Antecedents of Parent-Adolescent Disagreements

By Rueter, Martha A.; Conger, Rand D. | Journal of Marriage and Family, May 1995 | Go to article overview

Antecedents of Parent-Adolescent Disagreements


Rueter, Martha A., Conger, Rand D., Journal of Marriage and Family


The quality of an adolescent's relationship with his or her parents is a key component to healthy adolescent development. Secure bonds between parents and their adolescent children allow young people the freedom to grow and explore, knowing their home represents a safe haven to which they can return when necessary. Yet conflict, which may denote weak or weakening interpersonal bonds, often occurs within parent-adolescent relationships. In most families, however, this conflict usually amounts to little more than mild arguments and bickering (Hill, 1993; Steinberg, 1990), and some researchers believe that such disputes may serve to strengthen the parent-adolescent relationship (Anderson & Sabatelli, 1990; Cooper, 1988; Galatzer-Levy & Cohler, 1993; Steinberg, 1990). These writers have suggested that parents and their adolescent children raise important developmental issues during disagreements. By successfully negotiating responses to issues such as adolescent demands for greater autonomy, parent-adolescent relations are restructured to allow adolescent growth while maintaining close family ties.

Unfortunately, some families do not successfully resolve disputes between parents and adolescents and disagreements become intense or long lasting. When this occurs, conflict can weaken the parent-adolescent relationship (Patterson & Bank, 1989) and thus pose a threat to healthy adolescent development. In fact, adolescent reports of severe or unresolved disagreements with their parents have been associated with many adolescent adjustment problems, including emotional difficulties (Montemayor, 1983; Robin, Koepke, & Moye, 1990), alcohol or other drug use (Brook, Whiteman, & Finch, 1993; Selnow, 1987; Thompson & Wilsnack, 1987), poor school performance (Forehand, Long, Brody, & Fauber, 1986; Robin et al., 1990), and conduct problems (Adams, Gullotta, & Clancy, 1985; Garbarino, Schellenback, & Sebes, 1986; Montemayor, 1983; Rutter, 1980).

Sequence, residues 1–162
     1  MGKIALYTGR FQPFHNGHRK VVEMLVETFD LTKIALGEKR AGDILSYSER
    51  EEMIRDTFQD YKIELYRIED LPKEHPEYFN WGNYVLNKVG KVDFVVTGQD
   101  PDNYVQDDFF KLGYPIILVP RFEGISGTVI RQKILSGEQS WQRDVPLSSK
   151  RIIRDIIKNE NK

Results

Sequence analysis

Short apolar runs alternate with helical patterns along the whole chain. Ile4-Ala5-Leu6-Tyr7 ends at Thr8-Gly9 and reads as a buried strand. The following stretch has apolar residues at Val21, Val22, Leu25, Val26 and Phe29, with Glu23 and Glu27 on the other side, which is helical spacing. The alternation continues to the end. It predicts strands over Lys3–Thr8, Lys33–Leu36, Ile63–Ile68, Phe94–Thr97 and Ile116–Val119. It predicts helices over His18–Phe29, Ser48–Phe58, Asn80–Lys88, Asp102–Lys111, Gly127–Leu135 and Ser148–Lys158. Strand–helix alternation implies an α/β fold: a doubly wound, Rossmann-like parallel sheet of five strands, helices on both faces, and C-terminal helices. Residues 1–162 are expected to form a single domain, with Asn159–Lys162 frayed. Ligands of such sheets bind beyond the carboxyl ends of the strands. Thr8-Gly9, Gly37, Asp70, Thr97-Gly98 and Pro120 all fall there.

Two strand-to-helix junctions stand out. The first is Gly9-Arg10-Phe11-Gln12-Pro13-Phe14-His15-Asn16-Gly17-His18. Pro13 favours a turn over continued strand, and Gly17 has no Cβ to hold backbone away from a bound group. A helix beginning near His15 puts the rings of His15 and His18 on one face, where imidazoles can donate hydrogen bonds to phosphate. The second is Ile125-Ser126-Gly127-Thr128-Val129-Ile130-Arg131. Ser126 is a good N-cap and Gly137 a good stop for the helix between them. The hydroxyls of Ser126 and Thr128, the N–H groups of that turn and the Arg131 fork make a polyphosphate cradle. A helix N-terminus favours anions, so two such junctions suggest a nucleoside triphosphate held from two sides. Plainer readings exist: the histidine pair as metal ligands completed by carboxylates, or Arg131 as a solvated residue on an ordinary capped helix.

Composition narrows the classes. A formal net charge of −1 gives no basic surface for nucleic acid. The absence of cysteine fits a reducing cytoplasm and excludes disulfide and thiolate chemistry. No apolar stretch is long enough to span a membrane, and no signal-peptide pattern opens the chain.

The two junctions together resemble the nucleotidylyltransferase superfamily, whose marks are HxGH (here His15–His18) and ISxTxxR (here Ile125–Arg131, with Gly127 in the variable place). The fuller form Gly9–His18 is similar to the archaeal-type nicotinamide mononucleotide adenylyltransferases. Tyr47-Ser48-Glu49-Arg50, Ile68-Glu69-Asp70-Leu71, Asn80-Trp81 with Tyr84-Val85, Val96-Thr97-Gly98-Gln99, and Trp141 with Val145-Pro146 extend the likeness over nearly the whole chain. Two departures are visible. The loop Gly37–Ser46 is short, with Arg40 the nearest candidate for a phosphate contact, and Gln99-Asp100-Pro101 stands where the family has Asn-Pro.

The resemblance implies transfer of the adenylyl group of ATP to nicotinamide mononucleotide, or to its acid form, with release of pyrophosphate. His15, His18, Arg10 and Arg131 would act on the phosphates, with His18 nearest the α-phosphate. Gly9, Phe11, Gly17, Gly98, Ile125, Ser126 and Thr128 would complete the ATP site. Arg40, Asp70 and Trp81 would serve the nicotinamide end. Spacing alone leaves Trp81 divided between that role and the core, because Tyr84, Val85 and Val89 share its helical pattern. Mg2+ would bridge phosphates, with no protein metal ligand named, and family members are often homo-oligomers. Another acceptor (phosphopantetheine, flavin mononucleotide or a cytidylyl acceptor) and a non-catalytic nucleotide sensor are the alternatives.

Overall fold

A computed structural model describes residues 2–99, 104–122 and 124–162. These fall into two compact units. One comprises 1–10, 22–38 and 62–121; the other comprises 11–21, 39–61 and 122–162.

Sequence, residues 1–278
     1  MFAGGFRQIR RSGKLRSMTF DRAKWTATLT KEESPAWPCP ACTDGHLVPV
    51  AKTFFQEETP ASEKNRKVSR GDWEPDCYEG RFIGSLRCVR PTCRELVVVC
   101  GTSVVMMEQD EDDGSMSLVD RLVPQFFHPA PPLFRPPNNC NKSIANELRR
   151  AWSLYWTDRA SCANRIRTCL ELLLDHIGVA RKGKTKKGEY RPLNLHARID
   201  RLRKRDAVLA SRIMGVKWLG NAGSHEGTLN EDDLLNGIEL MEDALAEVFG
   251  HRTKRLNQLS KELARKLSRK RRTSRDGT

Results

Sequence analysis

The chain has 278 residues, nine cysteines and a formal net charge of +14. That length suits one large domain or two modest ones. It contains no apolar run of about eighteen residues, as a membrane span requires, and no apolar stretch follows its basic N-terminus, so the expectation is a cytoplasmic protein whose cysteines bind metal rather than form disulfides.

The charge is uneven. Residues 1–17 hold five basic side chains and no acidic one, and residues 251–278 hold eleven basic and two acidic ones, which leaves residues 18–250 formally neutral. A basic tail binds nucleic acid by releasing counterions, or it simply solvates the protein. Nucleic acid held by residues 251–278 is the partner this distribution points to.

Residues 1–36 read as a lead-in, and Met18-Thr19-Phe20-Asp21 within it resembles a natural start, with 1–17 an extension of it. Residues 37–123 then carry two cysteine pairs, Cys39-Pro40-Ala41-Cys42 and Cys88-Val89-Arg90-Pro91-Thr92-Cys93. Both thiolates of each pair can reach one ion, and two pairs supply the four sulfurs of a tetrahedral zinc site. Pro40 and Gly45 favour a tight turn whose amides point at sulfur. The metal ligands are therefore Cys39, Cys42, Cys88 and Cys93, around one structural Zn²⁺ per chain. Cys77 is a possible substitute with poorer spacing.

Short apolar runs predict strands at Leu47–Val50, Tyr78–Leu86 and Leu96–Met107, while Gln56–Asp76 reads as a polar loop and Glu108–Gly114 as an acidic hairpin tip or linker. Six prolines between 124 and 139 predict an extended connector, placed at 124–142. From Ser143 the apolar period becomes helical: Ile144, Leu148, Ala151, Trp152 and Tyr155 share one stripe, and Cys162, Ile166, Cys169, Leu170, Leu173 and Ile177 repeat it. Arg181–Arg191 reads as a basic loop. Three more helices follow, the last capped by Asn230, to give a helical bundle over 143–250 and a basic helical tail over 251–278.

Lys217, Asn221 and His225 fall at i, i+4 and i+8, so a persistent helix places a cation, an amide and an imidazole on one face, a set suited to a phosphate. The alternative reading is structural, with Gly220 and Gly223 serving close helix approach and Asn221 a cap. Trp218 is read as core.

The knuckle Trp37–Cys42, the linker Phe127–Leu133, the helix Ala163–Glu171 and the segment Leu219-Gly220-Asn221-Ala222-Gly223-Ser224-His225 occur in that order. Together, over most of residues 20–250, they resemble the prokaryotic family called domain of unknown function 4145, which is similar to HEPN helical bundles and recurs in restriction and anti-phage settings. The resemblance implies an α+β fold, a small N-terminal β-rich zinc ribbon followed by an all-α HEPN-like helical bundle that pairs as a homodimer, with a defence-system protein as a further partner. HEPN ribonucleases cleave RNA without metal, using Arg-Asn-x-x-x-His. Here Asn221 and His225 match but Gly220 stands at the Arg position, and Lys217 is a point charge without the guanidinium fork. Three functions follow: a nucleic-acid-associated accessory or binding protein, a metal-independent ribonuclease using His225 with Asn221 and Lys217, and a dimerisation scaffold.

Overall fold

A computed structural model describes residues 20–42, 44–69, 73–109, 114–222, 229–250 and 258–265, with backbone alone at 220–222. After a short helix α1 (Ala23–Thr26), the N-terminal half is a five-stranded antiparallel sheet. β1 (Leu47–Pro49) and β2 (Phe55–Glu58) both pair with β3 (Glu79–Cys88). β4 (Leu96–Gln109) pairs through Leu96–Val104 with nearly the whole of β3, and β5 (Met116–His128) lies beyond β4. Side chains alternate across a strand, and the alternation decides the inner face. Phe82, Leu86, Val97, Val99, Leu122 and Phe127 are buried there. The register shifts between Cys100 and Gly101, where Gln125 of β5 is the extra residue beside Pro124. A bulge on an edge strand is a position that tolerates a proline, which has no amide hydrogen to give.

An important question, then, addresses what conditions lead to healthy parent-adolescent disagreements and what conditions result in detrimental conflict (Steinberg, 1990). A growing group of developmental scientists favors a theory suggesting that whether or not parent-adolescent conflict becomes dysfunctional (i.e., persistent or severe) depends in large part on the family context (cf. Anderson & Sabatelli, 1990; Cooper; 1988; Galatzer-Levy & Cohler, 1993; Hauser & Bowlds, 1990; Hill, 1993; Paikoff & Brooks-Gunn, 1991; Steinberg, 1990). According to this theory, an atmosphere of trust and emotional closeness among family members sets the stage for the successful resolution of parent-adolescent differences. In the absence of these qualities--that is, when critical and coercive interactions characterize the family's typical interactions--family negotiations are often doomed to failure, and differences between parents and adolescents grow to dysfunctional levels.

In spite of its large following, this theory has not received a strong test due to methodological limitations in previous investigations. For example, the theory describes a process that unfolds over time. However, most studies of parent-adolescent conflict utilize a cross-sectional research design, precluding the examination of dynamic, longitudinal family interactions (e.g., Holmbeck & Hill, 1986; Sabatelli & Anderson, 1991; Werrbach, Grotevant, & Cooper, 1992; Youniss & Keterlinus, 1987). Also, this theory proposes several important factors (e.g., family atmosphere, problem-solving ability, parent-adolescent disagreements). An optimal test requires simultaneous analysis of the relationships among these factors. Unfortunately, small sample sizes have limited the power and the range of statistical techniques available to many earlier studies (Forehand et al., 1986; Papini & Sebby, 1988; Rubenstein & Feldman, 1993). Finally, the theory suggests that the family's typical interaction style sets the stage for members' behavior during a situation calling for flexible negotiations. …

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